There was a futuristic hit in 1969 called In the Year 2525 by Zager and Evans, a Nebraska duo who were one-hit wonders.
Their one hit was about the rise and fall of mankind and they called it In the Year Twenty Five Twenty Five.
While I remember the song well, I hadn’t thought about it for these purposes until I ran across this post from 2007. It’s from a College Dean of Students who laments the moniker to place on the incoming freshmen class.
They, who were expected to graduate in four years, were to be the Class of ??
Here’s what he wrote…
As a college Dean of Students, I wasn’t quite sure what to call our entering class, so I just asked them. They favored “Two thousand-eleven” by about a three-to-one margin.
So perhaps that’s what the public wants to call the next decade. It seems a little odd because we said “nineteen-ninety-nine” and “nineteen-eleven.” But then “two-thousand” was clearly not “twenty-hundred,” and we’d all seen the movie “Two-thousand one: A Space Odyssey.”
But then again, I’m old enough to remember the Zager and Evans hit “In the year Twenty-five twenty-five.” So when are we going to ditch the word “thousand” and get back to counting our way through the twenties?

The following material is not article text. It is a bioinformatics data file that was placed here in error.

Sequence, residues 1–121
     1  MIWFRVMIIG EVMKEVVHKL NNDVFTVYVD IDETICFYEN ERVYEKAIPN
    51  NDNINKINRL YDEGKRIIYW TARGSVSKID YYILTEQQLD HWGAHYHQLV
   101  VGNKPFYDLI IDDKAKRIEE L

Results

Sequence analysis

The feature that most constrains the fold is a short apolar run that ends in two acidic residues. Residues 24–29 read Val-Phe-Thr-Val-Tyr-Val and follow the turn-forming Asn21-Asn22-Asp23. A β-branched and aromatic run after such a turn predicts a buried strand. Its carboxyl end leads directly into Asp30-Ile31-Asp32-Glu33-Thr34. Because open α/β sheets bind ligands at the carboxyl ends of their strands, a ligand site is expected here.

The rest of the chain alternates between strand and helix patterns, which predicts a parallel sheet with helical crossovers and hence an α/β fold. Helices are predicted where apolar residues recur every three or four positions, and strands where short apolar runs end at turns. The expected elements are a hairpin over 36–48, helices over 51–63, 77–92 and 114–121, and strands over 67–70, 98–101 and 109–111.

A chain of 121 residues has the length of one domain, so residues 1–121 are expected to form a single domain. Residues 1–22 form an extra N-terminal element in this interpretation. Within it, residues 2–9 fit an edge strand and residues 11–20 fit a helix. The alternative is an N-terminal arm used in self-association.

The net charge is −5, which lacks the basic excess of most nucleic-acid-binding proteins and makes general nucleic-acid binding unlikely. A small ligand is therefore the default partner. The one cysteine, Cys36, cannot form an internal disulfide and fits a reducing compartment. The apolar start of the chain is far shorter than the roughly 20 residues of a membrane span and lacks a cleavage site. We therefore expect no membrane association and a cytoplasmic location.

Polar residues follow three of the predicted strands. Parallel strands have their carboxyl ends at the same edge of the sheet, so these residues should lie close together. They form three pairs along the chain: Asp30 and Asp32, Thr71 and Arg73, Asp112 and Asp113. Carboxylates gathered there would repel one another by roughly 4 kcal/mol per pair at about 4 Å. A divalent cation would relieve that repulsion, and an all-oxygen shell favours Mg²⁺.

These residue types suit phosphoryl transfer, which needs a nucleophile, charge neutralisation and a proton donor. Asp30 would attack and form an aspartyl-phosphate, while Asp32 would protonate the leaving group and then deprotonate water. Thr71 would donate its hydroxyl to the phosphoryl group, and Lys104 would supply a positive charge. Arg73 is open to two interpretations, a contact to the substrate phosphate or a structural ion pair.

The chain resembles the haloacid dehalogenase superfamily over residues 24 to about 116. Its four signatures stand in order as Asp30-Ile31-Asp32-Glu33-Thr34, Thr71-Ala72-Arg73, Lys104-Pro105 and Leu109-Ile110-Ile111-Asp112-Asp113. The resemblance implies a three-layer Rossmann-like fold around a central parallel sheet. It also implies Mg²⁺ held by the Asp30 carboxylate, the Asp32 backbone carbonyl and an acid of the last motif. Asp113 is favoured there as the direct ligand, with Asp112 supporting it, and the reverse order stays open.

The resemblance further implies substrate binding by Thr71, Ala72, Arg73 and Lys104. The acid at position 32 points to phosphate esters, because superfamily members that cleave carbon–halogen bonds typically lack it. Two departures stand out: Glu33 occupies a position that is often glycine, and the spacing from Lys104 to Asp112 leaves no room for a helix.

I’d guess that once we get past “two thousand-nineteen” the next year will have to be “twenty-twenty.” It’ll be a Presidential election year and the candidates and media will all make puns about the “vision thing” as Bush 41 used to call it. After a year, it’ll seem normal, I suppose, to go on to “twenty-twenty-one.”
He makes some very good points. But I think if we push this pronunciation guide to broadcasters and our friends, we could make great strides in changing the general public.
Say it now, Twenty Eleven. Add it to your vocabulary. Lead by Example. Say Twenty Eleven and the world will follow you.